The injury that most non-professionals are most fearful of is the open, often bleeding, wound. With the right supplies, however, even heavy bleeding can be staunched successfully. A discussion of the procedure for stopping hemorrhage in a wound can be found in some of our other articles; this article will talk specifically about items to stockpile in your medical storage.
Don’t downplay the importance of taking first responder classes. Even though they teach you how to stabilize and transport a patient rather than how to deal with the issue from beginning to end (as would be necessary in a survival setting), they are highly valuable. Many are offered regularly by your local municipality. Consider volunteering at your local ER to desensitize yourself to bleeding and fractures. There’s a paralysis of sorts that affects people who aren’t used to seeing bleeding or broken bones; with many wounds, precious time (and blood) could be lost if action isn’t taken quickly.
Supplies To Stop Bleeding
Besides knowledge, the well-prepared medic will have:
You’ll never have too much of these
Gauze: Bulk non-sterile gauze (some of our kits carry bricks of 200 at a time) is valuable as a medical storage item to apply pressure to bleeding areas. Even one hemorrhagic wound could require you to use all the dressings that you had accumulated over years of stockpiling.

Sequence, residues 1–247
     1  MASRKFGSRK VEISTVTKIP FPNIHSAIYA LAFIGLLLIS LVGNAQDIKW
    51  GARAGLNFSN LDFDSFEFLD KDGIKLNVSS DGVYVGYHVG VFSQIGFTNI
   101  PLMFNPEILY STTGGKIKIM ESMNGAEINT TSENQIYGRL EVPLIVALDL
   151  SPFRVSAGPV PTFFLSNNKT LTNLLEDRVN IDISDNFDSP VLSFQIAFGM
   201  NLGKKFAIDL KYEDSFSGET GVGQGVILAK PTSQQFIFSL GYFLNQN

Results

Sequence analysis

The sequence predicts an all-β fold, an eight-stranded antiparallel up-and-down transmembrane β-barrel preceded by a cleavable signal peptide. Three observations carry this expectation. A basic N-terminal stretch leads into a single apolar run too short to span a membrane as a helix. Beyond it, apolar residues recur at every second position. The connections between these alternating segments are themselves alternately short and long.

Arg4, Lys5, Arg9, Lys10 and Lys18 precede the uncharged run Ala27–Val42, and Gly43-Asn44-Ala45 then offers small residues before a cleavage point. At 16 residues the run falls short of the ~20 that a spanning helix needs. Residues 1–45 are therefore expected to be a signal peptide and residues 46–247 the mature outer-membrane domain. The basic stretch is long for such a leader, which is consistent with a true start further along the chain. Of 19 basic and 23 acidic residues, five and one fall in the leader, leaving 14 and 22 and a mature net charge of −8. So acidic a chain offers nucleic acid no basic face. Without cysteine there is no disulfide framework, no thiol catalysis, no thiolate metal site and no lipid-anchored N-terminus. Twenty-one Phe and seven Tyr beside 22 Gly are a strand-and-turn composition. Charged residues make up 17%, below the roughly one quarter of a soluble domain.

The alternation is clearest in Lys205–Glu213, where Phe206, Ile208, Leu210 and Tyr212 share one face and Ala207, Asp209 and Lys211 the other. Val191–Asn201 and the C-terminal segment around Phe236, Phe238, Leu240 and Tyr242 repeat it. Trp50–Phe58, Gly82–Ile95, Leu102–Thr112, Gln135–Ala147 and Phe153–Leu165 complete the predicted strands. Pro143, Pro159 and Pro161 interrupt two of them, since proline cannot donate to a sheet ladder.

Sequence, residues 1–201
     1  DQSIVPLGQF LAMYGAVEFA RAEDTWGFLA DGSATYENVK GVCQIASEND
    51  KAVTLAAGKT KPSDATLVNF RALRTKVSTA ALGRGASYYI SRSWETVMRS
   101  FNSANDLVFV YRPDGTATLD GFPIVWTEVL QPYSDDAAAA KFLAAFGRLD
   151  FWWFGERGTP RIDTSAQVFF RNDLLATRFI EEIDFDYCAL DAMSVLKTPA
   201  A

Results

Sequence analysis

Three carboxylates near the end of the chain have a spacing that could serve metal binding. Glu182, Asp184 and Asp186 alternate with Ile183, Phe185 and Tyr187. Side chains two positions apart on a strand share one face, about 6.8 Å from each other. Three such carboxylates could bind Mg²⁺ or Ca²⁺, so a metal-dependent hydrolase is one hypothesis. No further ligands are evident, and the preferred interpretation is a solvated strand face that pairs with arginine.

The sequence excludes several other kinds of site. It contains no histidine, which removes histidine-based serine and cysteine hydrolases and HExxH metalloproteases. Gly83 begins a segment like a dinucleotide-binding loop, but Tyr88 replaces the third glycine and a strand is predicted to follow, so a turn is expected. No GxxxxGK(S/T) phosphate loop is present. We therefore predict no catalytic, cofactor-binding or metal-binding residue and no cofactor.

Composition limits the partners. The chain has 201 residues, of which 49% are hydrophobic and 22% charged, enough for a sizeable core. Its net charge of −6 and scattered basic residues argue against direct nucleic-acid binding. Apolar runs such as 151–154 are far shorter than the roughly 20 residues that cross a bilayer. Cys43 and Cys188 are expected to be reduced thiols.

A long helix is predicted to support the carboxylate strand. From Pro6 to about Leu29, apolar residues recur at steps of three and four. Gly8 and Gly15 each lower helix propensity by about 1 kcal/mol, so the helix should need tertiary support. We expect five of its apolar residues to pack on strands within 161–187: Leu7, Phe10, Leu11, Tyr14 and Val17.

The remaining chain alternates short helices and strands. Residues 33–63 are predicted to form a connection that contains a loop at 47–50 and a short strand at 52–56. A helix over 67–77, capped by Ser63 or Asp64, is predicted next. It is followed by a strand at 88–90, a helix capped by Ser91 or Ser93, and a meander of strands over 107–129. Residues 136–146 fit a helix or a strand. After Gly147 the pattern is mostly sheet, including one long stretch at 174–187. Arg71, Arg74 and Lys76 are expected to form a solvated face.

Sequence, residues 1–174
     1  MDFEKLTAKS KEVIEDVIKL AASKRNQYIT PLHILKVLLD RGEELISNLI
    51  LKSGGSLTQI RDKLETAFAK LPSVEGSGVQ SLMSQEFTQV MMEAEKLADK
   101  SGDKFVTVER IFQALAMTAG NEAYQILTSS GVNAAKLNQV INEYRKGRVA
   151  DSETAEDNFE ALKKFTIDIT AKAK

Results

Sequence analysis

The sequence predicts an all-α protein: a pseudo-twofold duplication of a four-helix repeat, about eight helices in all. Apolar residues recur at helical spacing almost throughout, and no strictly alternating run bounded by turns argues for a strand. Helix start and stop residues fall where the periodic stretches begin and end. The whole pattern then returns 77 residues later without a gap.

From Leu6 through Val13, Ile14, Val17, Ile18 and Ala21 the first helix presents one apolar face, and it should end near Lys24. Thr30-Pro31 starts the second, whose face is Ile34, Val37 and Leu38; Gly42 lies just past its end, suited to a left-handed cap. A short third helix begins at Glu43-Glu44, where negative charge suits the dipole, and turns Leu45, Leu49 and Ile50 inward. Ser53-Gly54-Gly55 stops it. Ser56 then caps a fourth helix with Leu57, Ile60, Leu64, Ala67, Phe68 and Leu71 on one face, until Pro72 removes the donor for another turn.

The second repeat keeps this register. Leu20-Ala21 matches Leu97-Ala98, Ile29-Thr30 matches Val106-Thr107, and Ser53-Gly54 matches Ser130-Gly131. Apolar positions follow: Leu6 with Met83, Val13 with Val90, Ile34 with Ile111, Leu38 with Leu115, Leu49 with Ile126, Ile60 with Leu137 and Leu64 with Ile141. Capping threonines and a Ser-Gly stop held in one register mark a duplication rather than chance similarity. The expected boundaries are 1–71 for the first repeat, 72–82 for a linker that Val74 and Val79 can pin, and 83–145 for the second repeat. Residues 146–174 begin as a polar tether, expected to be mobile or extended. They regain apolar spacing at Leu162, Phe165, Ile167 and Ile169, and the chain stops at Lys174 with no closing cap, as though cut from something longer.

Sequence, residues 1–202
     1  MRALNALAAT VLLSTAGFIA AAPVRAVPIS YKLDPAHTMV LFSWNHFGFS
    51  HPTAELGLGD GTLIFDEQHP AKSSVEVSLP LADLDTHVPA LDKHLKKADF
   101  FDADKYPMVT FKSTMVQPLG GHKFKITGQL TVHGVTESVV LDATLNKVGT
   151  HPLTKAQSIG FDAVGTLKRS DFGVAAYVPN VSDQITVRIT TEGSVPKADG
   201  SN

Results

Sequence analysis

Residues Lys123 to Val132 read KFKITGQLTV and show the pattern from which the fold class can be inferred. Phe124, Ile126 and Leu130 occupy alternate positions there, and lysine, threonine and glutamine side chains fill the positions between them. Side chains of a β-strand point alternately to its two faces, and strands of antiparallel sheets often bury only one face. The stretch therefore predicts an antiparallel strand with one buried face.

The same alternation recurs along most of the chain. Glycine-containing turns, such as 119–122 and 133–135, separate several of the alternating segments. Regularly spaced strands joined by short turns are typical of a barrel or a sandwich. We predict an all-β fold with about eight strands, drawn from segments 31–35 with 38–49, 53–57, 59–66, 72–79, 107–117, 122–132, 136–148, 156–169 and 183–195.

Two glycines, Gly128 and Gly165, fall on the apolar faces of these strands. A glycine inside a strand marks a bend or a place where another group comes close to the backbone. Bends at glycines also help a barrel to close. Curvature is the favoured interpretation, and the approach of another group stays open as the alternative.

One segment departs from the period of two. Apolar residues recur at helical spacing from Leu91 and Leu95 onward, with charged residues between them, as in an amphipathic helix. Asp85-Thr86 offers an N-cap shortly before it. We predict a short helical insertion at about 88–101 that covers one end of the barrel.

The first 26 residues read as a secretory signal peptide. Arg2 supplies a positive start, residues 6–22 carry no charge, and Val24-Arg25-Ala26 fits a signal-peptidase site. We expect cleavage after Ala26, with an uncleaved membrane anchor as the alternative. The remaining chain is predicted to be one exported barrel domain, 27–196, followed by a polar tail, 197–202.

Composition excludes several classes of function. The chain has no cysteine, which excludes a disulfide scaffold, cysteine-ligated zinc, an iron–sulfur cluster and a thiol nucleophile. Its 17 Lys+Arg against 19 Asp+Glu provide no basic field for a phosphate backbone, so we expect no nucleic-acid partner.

Dressings come in squares of varying sizes, roller bandages to wrap around the area, and highly-absorbent pads of various sizes (not technically “gauze”). Carry a variety to increase the versatility of use. Although I recommend storing tampons, it is more for its traditional use than to treat gunshot injuries, which vary in size (especially exit wounds). A tampon would not always be the right size for the cavity created by the missile; they are best used for nose bleeds combined with compression. Maxi-Pads are excellent items for your medical storage, however.
The Emergency Bandage aka Israeli Battle Dressing (IBD)
Specialized Pressure Dressings: It’s difficult to keep pressure on a wound with your hands without becoming tired, so special dressings like the Emergency Bandage™ (aka the Israeli Battle Dressing) allow you to wrap wounds that have the tendency to bleed. These are an absorbent pad with an elastic bandage that comes with a hinge onto which the hook is wrapped. Each turn of the wrap increases the pressure on the wound, which can help control the bleeding. Here’s a video on its use: